Tuesday, September 28, 2010

Structure in Art

ArtsJournal links to Steven Berlin Johnson's thoughts about structure with the title "Are We Really Aware Of Structure In Art?" (an odd choice because the post doesn't ask that question, although it does discuss it). He says:
The funny thing about it is that I'm sure that people who enjoyed the book were in fact enjoying that deep structure; they just weren't fully aware of it. Maybe the best analogy isn't architectural, since you don't actually perceive the foundation of the building, even though it makes everything possible. Maybe a better analogy is music: I suspect most non-musicans aren't fully aware of chord changes the way they are conscious of melodies. Most of us can readily hum a tune from memory, but it's much harder to recall the chord progression. And yet the chords define the song as much as the melody does. Change the chords and the song changes dramatically.
Isaac is pondering the same thing. He offers up this passage in the book Tell It Slant:
While essays can be organized many ways-- through topic, chronology or passage of time-- organization through image and metaphor has become much more common. Clustering thoughts through images and loose associations (and metaphors are, at the most basic level, associations) seems fundamnetal to the way the human mind works. You may mentally jump from a look at a leaky faucet to a memory of watching the 1970s TV show "Charlie's Angels" because of the name of the actress Farrah Fawcett. You may then glide effortlessly from that thought to a sense memory of the powdered hot chocolate with marshmellows your mother made for you on weeknights while you watched television. As we grow more aware of and sophisticated about the way human consciousness operates, it makes sense that our literature will come closer to these basic thought rhythms.
And responds:
I've read essays that follow their author's minds down down down the neural pathways, that mimic the associative ways human consciousness work. They're boring when they're not bewildering because the different components don't resonate in a way that is meaningful to anyone other than their authors. It's telling that the example that follows this paragraph does not actually do what they're advocating here, but rather uses images to foreshadow an event in a narrative that progresses chronologically.
My feeling on structure is this: the brain collects information in two ways: one is the different pieces of information it provides, the other is the connections between them. These are equally important to the storage of information.

Structure in art is therefore important in terms of:
  1. The contexts and associations you form as you take in the work.
  2. How you'll retain this work later.
Right now, I'm reading Henry Miller's Tropic of Cancer. Narrative style is very much chaos, but there's a very subtle strong structure underneath it. There is a plot, it does move forward in time, but then it sidelines itself in chaotic rants.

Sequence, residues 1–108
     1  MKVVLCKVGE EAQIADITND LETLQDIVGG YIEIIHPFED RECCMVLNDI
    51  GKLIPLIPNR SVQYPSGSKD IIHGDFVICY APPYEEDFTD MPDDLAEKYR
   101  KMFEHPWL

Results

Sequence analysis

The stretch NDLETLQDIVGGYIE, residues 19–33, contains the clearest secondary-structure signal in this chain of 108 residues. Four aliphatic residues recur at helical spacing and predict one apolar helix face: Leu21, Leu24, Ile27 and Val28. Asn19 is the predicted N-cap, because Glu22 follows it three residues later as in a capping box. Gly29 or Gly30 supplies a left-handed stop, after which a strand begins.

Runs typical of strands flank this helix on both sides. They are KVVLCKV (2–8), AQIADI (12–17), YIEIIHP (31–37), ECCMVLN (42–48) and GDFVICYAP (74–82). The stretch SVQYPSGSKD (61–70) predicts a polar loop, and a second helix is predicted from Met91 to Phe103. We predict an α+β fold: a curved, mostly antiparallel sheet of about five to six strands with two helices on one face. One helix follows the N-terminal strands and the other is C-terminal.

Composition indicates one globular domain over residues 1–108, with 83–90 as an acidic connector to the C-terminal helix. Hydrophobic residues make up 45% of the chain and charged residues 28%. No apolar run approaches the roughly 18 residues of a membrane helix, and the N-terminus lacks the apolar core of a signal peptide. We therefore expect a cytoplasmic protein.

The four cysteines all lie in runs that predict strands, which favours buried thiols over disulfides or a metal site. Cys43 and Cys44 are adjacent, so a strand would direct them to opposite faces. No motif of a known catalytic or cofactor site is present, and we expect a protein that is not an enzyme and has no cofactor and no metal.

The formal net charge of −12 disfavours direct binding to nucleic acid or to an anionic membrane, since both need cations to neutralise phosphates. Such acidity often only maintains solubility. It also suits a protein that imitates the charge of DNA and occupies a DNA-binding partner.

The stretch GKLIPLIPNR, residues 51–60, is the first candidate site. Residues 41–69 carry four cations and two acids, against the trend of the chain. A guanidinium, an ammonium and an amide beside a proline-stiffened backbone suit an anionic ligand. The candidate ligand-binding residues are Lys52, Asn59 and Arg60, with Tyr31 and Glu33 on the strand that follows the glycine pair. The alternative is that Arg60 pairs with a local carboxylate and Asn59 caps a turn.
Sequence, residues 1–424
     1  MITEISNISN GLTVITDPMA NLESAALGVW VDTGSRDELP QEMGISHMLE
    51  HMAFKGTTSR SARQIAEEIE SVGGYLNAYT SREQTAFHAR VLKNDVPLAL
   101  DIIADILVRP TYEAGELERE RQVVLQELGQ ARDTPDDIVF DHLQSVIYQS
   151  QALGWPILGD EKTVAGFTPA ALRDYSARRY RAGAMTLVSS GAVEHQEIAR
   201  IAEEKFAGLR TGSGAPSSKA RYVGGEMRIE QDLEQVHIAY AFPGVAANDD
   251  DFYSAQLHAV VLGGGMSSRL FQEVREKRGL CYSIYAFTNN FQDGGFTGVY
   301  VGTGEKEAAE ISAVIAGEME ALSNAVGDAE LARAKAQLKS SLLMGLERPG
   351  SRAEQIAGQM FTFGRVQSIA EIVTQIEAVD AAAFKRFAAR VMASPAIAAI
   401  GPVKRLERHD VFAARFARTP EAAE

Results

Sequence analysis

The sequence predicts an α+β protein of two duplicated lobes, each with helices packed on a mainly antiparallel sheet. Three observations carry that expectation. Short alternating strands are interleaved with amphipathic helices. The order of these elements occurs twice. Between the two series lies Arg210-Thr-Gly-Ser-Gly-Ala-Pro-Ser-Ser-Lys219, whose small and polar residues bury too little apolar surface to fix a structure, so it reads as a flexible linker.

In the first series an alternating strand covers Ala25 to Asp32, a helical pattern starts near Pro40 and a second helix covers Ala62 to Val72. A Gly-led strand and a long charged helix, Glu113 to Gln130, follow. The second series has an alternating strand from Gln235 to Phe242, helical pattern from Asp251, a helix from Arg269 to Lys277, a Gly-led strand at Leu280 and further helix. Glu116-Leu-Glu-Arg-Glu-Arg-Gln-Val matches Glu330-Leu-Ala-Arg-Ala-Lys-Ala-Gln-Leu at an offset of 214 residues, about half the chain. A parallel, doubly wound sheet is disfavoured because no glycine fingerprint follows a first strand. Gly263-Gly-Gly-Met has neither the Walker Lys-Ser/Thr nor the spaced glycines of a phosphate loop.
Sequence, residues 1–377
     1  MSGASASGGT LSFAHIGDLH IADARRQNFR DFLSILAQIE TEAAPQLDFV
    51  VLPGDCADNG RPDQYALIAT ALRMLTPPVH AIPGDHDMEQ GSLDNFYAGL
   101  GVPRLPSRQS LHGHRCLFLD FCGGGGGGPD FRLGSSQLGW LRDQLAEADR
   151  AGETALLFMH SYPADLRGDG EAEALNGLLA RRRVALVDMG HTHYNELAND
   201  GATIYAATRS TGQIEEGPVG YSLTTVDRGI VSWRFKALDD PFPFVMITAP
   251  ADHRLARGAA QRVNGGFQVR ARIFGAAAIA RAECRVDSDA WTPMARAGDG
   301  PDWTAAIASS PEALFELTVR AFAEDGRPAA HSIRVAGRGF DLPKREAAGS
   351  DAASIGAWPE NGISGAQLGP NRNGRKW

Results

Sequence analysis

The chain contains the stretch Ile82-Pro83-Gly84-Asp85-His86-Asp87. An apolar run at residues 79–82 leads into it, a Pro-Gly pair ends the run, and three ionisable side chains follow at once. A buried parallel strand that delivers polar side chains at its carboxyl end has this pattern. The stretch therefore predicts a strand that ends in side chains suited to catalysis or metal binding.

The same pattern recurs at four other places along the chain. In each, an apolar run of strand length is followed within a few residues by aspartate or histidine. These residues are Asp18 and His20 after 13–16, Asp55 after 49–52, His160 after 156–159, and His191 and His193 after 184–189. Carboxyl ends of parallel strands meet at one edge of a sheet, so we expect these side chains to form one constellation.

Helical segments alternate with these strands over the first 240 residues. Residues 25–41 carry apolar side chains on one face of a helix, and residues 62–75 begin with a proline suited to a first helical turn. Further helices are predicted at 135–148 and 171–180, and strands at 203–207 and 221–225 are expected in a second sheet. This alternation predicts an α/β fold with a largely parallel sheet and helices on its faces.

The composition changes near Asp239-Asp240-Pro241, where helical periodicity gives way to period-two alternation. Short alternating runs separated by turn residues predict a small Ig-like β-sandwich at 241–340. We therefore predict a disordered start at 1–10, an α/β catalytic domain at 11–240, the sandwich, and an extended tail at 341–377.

That structure is there because it creates the world; it stymies the forward momentum, it creates the atmosphere inside Miller's head. When he gets lost in frothy rants, you almost lose him--and then he suddenly finds himself repeating a point, like a record suddenly skipping.

Because of the fast and loose association, there's a freedom afforded to Miller that a more plodding forward narrative wouldn't have. It creates Miller's mind, and creates the work. But there's enough structure to hold it together.

Richard Foreman creates works that have no discernible structure except image and theme. I would call him the theatrical fulfillment of Tell It Slant's image-based structure. It's definitely bewildering, and there's a lot that gets lost in translation for the reason Isaac lays out: the creator has different associations from me. But in a way, I can follow it, and on some level, I do feel like it works. But I freely understand if for other people it doesn't. It definitely feels hit and miss.

But the other effect of Foreman's style is that you have nothing to grab hold of afterwards. A few images might stick in your brain, but you don't remember exactly why or how. It's like an associative fog. Sounds and images, but nothing solid.

Foreman wants that (why? I don't know). He explicitly said in his book of essays (which sadly I don't have in front of me) that he doesn't want his audience to remember anything -- he wants it to be an experience in that room and that room only.

For me, that seems kind of useless. Why would I spend two hours or whatever of my time in a space that leaves me nothing? Nothing except shadows and mist?

Usually, structure just passes you by in the moment. but looking back, structure is what your mind hangs its hat on. If you want to remember a show, what do you do? You walk through the plot.

"Remember _________?"

"No, when was that?"

"It was after the King stabbed the Queen, and then he walks into the kitchen to makes a sandwich?"

"Oh yeah!"